Quarterly Journal of Austrian Economics
Against Politics: On Government, Anarchy, and Order, by Anthony de Jasay
Volume 1, No. 1 (Fall 1998)
This is a wonderful collection of previously published articles by Anthony de Jasay who, it turns out, is an undiscovered Austrian, or at least a close cousin. The essays in Against Politics, published between 1989 and 1996, are united around a common theme, the economic and political aspects of government and “ordered anarchy.” The book is full of sparkling insight and penetrating, calm dissections of pro-state arguments. Opponents of the state will find much ammunition here. Statists (even of the minimalist variety) will find much to ponder.
Jasay’s arguments pack quite a punch, and make it clear that he is a powerful, careful scholar. He also appears to be a quasi-Austrian economist and political theorist, which is surprising given that he does not appear to be very familiar with the work of Austrian theorists, such as Mises and Rothbard. Has he even read Human Action? One wonders. The primary well-known Austrians he cites are Hayek and Wieser, who represent the “Vienna School” (p. 162) instead of the Austrian School. He has apparently come to many Austrian conclusions without the benefit of much exposure to Austrianism. For example, he makes good use of the observation that not only is utility not measurable, but interpersonal utility is also completely incommensurate (see, e.g., pp. 81–81, 92, 98, 144). He even writes that, “[u]nlike the physical sciences, inference presupposing purposiveness is proper to the study of reasoning beings and cannot be avoided without inordinate loss of content” (p. 74), which bears an uncanny similarity to Mises’s own epistemology (Mises  1966; 1962; 1981).
The book is divided into two parts. The seven chapters of Part 1 are critical of statism, the view that political action is necessary, efficient, or desirable. In the four chapters of Part 2, our author somewhat tentatively proffers his own politico-economic theories, designed to show that various desirable social institutions are possible without political arrangements. The essays are well-ordered and generally fit together almost as well as chapters of an integrated work, although, as is to be expected in a collection of this kind, there is some repetition and redundancy. (A useful summary of the book’s themes, structure, and arguments is found in the Introduction, at pp. 4–7.)
Jasay, like Austrian David Gordon, is a master of criticism. A standard technique is to hold a statist’s logic up to standards that the statist himself espouses. In a rare personal glimpse, he reveals an instance of applying this technique in his own life:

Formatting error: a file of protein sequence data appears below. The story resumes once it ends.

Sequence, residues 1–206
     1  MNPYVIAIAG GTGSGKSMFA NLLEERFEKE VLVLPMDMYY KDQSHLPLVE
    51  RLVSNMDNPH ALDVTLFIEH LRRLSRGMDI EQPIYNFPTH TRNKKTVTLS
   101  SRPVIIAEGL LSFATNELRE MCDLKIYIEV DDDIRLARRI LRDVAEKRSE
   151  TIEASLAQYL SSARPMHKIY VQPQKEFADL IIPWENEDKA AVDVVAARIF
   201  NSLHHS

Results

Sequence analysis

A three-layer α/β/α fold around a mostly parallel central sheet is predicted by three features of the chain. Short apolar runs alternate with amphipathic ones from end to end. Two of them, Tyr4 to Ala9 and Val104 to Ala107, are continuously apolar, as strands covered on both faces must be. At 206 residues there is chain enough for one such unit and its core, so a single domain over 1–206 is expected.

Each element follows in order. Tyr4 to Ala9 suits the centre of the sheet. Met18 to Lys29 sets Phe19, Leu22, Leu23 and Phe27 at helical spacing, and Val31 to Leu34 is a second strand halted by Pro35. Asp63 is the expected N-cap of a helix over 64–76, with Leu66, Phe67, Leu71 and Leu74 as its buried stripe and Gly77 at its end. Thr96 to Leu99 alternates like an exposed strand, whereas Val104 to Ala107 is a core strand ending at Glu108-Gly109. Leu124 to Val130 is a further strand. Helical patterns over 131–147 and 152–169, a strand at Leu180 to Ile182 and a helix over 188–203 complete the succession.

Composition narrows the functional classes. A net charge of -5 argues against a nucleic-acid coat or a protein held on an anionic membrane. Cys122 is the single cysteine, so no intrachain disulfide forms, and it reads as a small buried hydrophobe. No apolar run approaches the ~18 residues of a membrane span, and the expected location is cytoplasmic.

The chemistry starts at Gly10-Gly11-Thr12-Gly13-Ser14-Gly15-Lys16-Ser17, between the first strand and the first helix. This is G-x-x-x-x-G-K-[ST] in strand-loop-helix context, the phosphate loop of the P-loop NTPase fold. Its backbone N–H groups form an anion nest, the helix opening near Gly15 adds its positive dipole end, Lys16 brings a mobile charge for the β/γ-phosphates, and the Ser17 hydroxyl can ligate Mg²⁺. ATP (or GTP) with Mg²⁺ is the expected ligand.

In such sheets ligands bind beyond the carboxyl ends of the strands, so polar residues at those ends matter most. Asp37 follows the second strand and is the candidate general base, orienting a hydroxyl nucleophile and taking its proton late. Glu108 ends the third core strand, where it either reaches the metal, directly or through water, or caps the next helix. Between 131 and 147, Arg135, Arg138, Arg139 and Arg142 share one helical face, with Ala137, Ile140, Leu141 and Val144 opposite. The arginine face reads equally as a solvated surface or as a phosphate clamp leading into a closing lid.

The present writer, when a subject of a “people’s democracy” [presumably the author’s country of origin, Hungary], used to taunt his political masters that capitalism had never existed anywhere, that it was yet to come, it was the “wave of the future”—a taunt that reduced them to fury but naturally failed to provoke any refutation. (pp. 108–9)
Given his powers of criticism, the critical pieces in Part 1 contain stronger arguments than Part 2, although for some (such as this reviewer), the essays in Part 2 will still be of at least as much or more interest. For although his positive theorizing is weakened by his own moral skepticism (more on this below), it is strengthened by his critique of statist alternatives; further, his basic intuitions and premises are largely sound. Combine this with a multitude of keen insights and critiques of opposing social theories, and Part 2 is of immense interest, even with its deficiencies.
Part 1 opens with “Self-Contradictory Contractarianism,” which addresses the argument that various “intractable” problems of the state of nature, such as prisoner’s dilemma and free riding (pp. 11–12), prevent systematic social cooperation. One way out of these dilemmas would be to make “binding” contracts. However, people cannot make binding contracts in the state of nature, since rational actors without fear of sanction will always default, thereby making contracting impossible and requiring the state to provide an effective contract enforcement mechanism.
But, Jasay asks, “if contracts require an enforcer, how could there be a social contract creating an enforcer without its enforcement being assured by a meta-enforcer created by a meta-social contract, and so on in an infinite regress” (p. 5). Jasay recognizes that the proposed solution assumes that the state can act as an “enforcing agent acting as a programmed automaton” (p. 19). Yet this is to “assume away the principal-agent problem” (ibid.), since the state has little reason to restrict itself to enforcing the contract. For these and other reasons, “[t]here is . . . no contractual exit from the state of nature: if the state is to be created by contract, it cannot be created, since it is its own antecedent condition” (p. 22). Thus this particular ground for the necessity of the state contradicts itself, and advocates of government are hoist by their own petard.